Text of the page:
Werner Voss was Germany’s fourth highest ranking ace of World War 1. With 48 kills to his credit he is still considered by many to be the greatest pilot of that war, having skills that even surpassed Manfred von Richthofen, the “Red Baron”. On September 23, 1917 he became involved in what is known to be one of the greatest dogfights of World War 1. While out on patrol he came across a flight of six British SE5’s from 56 Squadron, each flown by a famous ace. For over ten minutes Voss singlehandedly fought the aces without retreating. He inflicted considerable damage on all five aircraft before his own engine finally seized and he was sent plummeting to the ground by Lt. Arthur Rhys-Davids. Major James McCudden, who was also involved in the fight, said of him later, “His flying was wonderful, his courage magnificent and in my own opinion he is the bravest German airman whom it has been my privilege to see fight.”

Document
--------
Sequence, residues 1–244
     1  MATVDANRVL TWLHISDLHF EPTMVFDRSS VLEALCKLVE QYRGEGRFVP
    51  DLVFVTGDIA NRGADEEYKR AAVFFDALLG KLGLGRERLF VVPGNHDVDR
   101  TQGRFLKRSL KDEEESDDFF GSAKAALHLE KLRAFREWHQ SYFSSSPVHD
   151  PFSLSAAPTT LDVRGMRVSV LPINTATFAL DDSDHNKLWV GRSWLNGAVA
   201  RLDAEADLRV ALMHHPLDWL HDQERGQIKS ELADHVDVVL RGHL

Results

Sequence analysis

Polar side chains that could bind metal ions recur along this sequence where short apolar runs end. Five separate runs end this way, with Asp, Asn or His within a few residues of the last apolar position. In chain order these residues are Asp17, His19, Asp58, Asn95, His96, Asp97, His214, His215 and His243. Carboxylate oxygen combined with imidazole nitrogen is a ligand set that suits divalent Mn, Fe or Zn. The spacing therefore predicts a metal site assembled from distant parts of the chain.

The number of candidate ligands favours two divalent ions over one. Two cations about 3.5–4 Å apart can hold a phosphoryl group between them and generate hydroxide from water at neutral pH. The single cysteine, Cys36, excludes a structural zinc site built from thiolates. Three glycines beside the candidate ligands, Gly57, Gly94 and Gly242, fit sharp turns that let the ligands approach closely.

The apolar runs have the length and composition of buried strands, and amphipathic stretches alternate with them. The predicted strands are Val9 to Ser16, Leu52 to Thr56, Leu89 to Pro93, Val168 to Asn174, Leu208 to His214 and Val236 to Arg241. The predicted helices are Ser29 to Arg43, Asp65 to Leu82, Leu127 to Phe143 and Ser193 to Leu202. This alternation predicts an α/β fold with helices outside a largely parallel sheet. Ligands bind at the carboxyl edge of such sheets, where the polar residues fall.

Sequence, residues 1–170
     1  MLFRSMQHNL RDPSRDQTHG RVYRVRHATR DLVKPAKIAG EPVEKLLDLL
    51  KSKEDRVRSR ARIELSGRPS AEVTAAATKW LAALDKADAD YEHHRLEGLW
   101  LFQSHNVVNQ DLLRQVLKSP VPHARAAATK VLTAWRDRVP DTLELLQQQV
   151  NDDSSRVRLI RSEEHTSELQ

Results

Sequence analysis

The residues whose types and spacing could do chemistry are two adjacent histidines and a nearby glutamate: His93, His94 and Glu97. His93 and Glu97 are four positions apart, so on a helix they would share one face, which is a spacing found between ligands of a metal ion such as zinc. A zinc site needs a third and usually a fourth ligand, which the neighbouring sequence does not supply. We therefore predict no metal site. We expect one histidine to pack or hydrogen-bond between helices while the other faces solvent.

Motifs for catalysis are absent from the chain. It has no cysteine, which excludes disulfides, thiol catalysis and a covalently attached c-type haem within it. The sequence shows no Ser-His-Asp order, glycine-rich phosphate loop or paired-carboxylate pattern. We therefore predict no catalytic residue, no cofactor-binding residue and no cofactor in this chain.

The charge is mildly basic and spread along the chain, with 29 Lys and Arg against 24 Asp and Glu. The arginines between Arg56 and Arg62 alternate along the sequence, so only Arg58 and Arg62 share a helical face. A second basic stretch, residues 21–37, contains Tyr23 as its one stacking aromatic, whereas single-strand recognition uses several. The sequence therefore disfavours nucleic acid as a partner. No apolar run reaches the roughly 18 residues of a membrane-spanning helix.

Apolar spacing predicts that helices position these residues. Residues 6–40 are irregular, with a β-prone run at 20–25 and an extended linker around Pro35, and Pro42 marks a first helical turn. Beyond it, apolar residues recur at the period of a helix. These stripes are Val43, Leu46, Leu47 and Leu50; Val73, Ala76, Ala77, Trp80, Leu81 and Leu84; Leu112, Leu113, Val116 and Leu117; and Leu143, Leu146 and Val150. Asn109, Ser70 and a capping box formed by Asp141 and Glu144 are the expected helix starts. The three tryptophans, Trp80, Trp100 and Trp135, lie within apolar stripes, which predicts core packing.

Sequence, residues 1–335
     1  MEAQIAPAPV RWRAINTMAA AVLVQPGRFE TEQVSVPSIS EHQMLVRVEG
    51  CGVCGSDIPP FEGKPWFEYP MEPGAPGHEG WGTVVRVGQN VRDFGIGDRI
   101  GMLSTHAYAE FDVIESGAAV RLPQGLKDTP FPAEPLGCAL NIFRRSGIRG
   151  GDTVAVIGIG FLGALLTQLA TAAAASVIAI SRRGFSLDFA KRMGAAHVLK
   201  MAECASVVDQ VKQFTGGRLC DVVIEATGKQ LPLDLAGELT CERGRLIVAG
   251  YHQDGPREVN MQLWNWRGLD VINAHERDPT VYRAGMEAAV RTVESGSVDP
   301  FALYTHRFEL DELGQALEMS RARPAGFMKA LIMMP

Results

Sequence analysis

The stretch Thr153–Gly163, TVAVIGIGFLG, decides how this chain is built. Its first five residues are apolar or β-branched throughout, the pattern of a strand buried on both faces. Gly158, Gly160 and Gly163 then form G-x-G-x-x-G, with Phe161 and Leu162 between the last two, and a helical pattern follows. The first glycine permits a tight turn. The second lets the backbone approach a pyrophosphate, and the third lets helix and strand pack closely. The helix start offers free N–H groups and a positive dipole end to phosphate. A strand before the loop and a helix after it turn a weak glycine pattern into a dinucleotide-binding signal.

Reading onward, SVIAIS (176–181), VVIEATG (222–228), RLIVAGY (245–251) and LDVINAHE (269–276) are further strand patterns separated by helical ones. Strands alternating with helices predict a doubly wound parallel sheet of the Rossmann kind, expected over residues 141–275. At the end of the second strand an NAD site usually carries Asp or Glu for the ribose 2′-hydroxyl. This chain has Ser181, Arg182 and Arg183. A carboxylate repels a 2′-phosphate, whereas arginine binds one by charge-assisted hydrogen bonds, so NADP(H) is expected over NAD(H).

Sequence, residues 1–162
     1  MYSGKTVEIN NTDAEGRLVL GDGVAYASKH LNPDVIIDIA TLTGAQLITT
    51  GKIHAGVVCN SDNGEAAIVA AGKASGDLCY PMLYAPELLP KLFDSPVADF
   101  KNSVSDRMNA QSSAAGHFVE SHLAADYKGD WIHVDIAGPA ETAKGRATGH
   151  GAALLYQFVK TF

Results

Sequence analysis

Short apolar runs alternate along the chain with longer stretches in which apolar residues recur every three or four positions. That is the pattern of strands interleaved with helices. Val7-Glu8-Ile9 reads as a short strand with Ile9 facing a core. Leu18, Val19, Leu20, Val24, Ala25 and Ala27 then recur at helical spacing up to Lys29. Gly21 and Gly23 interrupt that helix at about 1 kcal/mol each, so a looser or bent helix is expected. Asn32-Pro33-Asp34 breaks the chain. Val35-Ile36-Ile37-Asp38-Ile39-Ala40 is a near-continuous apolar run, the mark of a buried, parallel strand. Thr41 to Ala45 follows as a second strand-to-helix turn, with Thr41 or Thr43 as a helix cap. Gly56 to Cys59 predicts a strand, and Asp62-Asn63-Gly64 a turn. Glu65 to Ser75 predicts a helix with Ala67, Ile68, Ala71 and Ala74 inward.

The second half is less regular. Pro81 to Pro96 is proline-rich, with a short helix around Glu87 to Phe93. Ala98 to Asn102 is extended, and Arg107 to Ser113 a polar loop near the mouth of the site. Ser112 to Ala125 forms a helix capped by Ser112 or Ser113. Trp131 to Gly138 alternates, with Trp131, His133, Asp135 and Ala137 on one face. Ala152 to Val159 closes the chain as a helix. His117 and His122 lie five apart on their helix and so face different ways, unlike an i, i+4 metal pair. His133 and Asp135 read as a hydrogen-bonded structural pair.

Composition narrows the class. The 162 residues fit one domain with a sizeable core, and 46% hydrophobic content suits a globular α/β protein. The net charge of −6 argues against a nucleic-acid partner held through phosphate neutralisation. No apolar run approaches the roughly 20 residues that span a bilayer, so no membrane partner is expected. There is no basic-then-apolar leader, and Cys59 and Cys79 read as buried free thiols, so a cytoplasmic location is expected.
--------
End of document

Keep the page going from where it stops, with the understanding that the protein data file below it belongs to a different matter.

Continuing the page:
Leutnant Werner Voss was just 20 years old.